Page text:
If a tuple of two integers is given for the degree argument, a polynomial of degree in between the bound is given:

sage: R.random_element(degree=(0,8))
x^8 + 4*x^7 + 2*x^6 - x^4 + 4*x^3 - 5*x^2 + x + 14
sage: R.random_element(degree=(0,8))
-5*x^7 + x^6 - 3*x^5 + 4*x^4 - x^2 - 2*x + 1


Note that the zero polynomial has degree -1, so if you want to consider it set the minimum degree to -1:

sage: any(R.random_element(degree=(-1,2),x=-1,y=1) == R.zero() for _ in xrange(100))
True


TESTS:

sage: R.random_element(degree=[5])
Traceback (most recent call last):
...
ValueError: degree argument must be an integer or a tuple of 2 integers (min_degree, max_degree)

sage: R.random_element(degree=(5,4))
Traceback (most recent call last):
...
ValueError: minimum degree must be less or equal than maximum degree


Check that trac ticket #16682 is fixed:

sage: R = PolynomialRing(GF(2), 'z')
sage: for _ in xrange(100):
....:     d = randint(-1,20)
....:     P = R.random_element(degree=d)
....:     assert P.degree() == d, "problem with {} which has not degree {}".format(P,d)

sage: R.random_element(degree=-2)
Traceback (most recent call last):
...
ValueError: degree should be an integer greater or equal than -1

set_karatsuba_threshold(Karatsuba_threshold)

Changes the default threshold for this ring in the method _mul_karatsuba to fall back to the schoolbook algorithm.

Warning

This method may have a negative performance impact in polynomial arithmetic. So use it at your own risk.

EXAMPLES:

sage: K = QQ['x']
sage: K.karatsuba_threshold()
8
sage: K.set_karatsuba_threshold(0)
sage: K.karatsuba_threshold()
0

some_elements()

Return a list of polynomials.

This is typically used for running generic tests.

EXAMPLES:

sage: R.<x> = QQ[]
sage: R.some_elements()
[x, 0, 1, 1/2, x^2 + 2*x + 1, x^3, x^2 - 1, x^2 + 1, 2*x^2 + 2]

variable_names_recursive(depth=+Infinity)

Returns the list of variable names of this and its base rings, as if it were a single multi-variate polynomial.

EXAMPLES:

sage: R = QQ['x']['y']['z']
sage: R.variable_names_recursive()
('x', 'y', 'z')
sage: R.variable_names_recursive(2)
('y', 'z')

class sage.rings.polynomial.polynomial_ring.PolynomialRing_integral_domain(base_ring, name='x', sparse=False, implementation=None, element_class=None)

TESTS:

sage: from sage.rings.polynomial.polynomial_ring import PolynomialRing_integral_domain as PRing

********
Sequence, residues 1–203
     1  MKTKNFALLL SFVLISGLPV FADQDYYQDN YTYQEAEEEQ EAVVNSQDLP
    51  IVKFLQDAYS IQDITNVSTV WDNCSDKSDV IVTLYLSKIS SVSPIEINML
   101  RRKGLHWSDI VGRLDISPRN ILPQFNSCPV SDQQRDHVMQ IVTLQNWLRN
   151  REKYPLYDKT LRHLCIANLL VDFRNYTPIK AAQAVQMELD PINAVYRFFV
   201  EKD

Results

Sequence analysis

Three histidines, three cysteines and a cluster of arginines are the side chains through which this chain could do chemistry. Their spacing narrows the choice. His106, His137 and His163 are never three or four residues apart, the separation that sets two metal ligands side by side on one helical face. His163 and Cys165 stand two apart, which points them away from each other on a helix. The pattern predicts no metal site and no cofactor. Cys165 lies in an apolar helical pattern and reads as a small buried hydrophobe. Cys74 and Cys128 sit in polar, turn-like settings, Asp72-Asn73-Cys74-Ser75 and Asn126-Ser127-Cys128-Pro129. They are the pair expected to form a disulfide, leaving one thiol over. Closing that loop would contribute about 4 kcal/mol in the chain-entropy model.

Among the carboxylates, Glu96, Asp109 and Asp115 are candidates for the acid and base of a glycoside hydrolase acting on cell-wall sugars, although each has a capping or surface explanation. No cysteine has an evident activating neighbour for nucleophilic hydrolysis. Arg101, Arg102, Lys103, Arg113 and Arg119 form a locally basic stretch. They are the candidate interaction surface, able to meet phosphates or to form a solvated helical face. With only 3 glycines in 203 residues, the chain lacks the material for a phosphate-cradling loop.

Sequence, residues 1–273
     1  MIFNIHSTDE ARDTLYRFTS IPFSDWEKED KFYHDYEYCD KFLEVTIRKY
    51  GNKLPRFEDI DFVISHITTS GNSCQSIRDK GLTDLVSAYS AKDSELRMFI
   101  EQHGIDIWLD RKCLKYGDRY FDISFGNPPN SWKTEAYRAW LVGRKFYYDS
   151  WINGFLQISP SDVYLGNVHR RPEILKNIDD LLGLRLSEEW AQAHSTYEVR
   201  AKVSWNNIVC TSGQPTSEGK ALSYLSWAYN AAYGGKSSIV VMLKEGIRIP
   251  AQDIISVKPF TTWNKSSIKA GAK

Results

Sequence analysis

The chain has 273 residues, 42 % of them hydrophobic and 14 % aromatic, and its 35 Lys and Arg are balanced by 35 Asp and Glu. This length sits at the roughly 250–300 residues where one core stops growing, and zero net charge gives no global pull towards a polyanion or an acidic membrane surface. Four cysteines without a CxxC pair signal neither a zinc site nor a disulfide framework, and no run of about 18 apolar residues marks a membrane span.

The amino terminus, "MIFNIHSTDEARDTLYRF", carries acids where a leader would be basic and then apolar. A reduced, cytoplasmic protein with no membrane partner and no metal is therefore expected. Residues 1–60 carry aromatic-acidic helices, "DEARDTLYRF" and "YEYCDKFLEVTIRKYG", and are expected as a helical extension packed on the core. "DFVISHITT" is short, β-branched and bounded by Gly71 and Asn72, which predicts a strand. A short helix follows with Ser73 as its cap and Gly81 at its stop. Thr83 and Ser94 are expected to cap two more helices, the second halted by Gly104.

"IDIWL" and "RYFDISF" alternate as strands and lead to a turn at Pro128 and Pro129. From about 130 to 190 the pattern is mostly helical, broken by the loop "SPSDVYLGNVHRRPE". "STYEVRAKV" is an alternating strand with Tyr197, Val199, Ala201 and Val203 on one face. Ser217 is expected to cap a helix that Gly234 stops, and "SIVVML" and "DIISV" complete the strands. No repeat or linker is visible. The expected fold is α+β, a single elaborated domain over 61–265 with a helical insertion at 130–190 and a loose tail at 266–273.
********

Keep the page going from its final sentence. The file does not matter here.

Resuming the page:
sage: R = PRing(ZZ, 'x'); R
Univariate Polynomial Ring in x over Integer Ring
sage: type(R.gen())
<type 'sage.rings.polynomial.polynomial_integer_dense_flint.Polynomial_integer_dense_flint'>

sage: R = PRing(ZZ, 'x', implementation='NTL'); R
Univariate Polynomial Ring in x over Integer Ring (using NTL)
sage: type(R.gen())
<type 'sage.rings.polynomial.polynomial_integer_dense_ntl.Polynomial_integer_dense_ntl'>

sage.rings.polynomial.polynomial_ring.is_PolynomialRing(x)

Return True if x is a univariate polynomial ring (and not a sparse multivariate polynomial ring in one variable).

EXAMPLES:

sage: from sage.rings.polynomial.polynomial_ring import is_PolynomialRing
sage: from sage.rings.polynomial.multi_polynomial_ring import is_MPolynomialRing
sage: is_PolynomialRing(2)
False


This polynomial ring is not univariate.

sage: is_PolynomialRing(ZZ['x,y,z'])
False
sage: is_MPolynomialRing(ZZ['x,y,z'])
True

sage: is_PolynomialRing(ZZ['w'])
True


Univariate means not only in one variable, but is a specific data type. There is a multivariate (sparse) polynomial ring data type, which supports a single variable as a special case.

sage: is_PolynomialRing(PolynomialRing(ZZ,1,'w'))
False
sage: R = PolynomialRing(ZZ,1,'w'); R
Multivariate Polynomial Ring in w over Integer Ring
sage: is_PolynomialRing(R)
False
sage: type(R)
<type 'sage.rings.polynomial.multi_polynomial_libsingular.MPolynomialRing_libsingular'>

sage.rings.polynomial.polynomial_ring.polygen(ring_or_element, name='x')

Return a polynomial indeterminate.

INPUT:

• polygen(base_ring, name=”x”)
• polygen(ring_element, name=”x”)

If the first input is a ring, return a polynomial generator over that ring. If it is a ring element, return a polynomial generator over the parent of the element.

EXAMPLES:

sage: z = polygen(QQ,'z')
sage: z^3 + z +1
z^3 + z + 1
sage: parent(z)
Univariate Polynomial Ring in z over Rational Field


Note

If you give a list or comma separated string to polygen, you’ll get a tuple of indeterminates, exactly as if you called polygens.

sage.rings.polynomial.polynomial_ring.polygens(base_ring, names='x')

Return indeterminates over the given base ring with the given names.

EXAMPLES:

sage: x,y,z = polygens(QQ,'x,y,z')
sage: (x+y+z)^2
x^2 + 2*x*y + y^2 + 2*x*z + 2*y*z + z^2
sage: parent(x)
Multivariate Polynomial Ring in x, y, z over Rational Field
sage: t = polygens(QQ,['x','yz','abc'])
sage: t
(x, yz, abc)